Let’s Take a Look at the Data:

January 11, 2011 14 Let’s Take a Look at the Data

Let’s Take a Look at the Data:

January 11, 2011 15 Let’s Take a Look at the Data Characteristics Increases quickly from zero Distribution skewed to the left Clustered around lower values Gradual drop from peak Heavy tail This type of data distribution is very common Increases quickly from zero Clustered around lower values Gradual drop from peak Heavy tail Distribution skewed to the left

Statistics:

January 11, 2011 16 Statistics The usefulness of a statistic depends on the underlying data Average really only makes sense when the data is symmetrically/equally distributed Otherwise, the average is distorted because of unequal distribution of data Deviation also really only makes sense when the data is symmetrically distributed

Statistics:

January 11, 2011 17 Statistics Be careful of obscure statistics such as Kurtosis and Skewness They have a use but the meaning is quite specific and may not be appropriate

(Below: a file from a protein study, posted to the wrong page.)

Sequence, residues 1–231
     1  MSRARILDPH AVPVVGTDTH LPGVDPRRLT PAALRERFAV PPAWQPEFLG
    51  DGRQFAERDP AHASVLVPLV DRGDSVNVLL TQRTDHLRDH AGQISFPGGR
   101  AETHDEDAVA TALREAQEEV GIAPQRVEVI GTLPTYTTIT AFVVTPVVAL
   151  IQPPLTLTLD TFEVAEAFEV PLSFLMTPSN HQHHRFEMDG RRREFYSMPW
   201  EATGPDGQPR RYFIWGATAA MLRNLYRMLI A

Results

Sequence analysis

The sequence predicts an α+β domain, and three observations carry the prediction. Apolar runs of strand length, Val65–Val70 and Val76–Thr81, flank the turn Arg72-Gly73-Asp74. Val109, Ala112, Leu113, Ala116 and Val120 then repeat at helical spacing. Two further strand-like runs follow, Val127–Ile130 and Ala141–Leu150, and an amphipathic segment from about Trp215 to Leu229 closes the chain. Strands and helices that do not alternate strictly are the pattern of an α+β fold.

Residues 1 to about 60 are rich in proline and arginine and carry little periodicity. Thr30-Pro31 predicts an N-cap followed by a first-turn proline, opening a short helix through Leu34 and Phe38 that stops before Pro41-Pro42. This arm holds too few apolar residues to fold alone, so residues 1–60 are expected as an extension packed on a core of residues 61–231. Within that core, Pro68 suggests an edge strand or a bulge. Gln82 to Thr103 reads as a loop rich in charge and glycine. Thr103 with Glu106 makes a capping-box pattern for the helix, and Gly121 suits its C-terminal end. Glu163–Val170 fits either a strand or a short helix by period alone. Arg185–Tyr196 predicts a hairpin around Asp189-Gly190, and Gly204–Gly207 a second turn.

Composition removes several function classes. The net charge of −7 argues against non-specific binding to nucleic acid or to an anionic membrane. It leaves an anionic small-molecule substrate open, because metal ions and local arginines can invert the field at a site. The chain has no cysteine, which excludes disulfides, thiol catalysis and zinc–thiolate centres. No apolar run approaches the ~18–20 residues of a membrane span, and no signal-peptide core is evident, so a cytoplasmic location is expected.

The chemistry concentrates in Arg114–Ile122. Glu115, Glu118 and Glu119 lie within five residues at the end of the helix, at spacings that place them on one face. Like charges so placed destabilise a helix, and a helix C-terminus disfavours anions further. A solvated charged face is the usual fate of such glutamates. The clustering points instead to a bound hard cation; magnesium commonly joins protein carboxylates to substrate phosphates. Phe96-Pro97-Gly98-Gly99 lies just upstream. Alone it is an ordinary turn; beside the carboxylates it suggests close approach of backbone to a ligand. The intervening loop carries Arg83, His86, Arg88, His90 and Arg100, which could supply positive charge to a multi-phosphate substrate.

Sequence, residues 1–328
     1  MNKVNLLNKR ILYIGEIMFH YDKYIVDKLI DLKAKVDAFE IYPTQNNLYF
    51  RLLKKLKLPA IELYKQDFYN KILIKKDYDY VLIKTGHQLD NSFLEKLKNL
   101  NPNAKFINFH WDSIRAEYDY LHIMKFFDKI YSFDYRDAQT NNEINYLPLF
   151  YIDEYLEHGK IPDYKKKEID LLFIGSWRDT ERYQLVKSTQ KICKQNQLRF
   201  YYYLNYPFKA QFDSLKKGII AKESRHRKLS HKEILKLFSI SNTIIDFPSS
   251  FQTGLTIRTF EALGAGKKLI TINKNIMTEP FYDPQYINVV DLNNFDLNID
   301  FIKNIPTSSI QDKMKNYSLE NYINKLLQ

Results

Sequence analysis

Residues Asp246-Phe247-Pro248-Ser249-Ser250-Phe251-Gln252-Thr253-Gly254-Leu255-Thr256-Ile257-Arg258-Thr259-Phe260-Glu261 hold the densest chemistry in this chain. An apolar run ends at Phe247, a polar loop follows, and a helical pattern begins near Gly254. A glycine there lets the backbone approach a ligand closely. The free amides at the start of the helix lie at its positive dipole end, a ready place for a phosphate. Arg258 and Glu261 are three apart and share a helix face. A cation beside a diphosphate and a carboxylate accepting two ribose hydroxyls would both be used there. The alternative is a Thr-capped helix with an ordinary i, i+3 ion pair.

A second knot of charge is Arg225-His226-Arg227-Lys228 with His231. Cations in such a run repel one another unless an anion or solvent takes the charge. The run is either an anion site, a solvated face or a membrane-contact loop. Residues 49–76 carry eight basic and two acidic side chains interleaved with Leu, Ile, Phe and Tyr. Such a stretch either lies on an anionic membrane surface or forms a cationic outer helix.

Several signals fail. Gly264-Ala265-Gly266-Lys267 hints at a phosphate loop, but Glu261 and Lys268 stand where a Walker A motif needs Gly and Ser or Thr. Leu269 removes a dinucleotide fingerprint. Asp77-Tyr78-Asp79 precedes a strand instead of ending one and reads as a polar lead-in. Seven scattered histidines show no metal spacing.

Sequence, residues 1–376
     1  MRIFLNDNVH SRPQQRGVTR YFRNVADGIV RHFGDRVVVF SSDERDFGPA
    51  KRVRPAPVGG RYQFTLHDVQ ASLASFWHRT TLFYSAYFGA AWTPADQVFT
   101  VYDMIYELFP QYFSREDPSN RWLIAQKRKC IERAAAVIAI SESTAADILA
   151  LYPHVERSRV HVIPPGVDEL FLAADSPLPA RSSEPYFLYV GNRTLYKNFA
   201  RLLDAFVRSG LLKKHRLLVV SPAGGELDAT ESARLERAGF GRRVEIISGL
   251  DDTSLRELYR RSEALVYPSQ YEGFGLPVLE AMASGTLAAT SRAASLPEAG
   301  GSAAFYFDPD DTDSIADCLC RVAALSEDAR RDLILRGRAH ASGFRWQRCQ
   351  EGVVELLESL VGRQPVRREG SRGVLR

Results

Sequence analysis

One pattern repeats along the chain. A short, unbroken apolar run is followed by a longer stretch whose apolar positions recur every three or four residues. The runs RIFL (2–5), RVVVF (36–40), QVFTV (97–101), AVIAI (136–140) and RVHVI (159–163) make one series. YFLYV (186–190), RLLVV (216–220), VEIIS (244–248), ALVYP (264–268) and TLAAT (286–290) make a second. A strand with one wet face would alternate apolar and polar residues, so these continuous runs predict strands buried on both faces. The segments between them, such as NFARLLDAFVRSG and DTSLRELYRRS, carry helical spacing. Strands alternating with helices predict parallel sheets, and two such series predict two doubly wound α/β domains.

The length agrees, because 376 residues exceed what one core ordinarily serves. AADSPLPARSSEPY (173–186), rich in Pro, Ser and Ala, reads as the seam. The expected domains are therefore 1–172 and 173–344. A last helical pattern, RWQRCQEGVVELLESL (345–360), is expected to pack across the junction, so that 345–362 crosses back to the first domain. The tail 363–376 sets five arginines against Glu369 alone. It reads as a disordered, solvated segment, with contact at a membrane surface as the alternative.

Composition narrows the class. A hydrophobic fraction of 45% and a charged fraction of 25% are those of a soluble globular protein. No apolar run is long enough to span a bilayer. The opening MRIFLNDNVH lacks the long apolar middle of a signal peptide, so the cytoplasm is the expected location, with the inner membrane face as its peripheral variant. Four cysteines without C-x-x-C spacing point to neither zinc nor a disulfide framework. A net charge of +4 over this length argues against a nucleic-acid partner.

Descriptive Statistics:

January 11, 2011 18 Descriptive Statistics Look for statistics that contain Measures of data location and clustering Measures of dispersion and variability Measures of association Look at the underlying data, how it was collected, what it measures If the data is of poor quality or measures the wrong values, any derived information will have very limited worth There are lots of statistics that can be produced from the raw data Produce only meaningful statistics Do not throw statistics at the data

Some Common Descriptive and Summarising Statistics: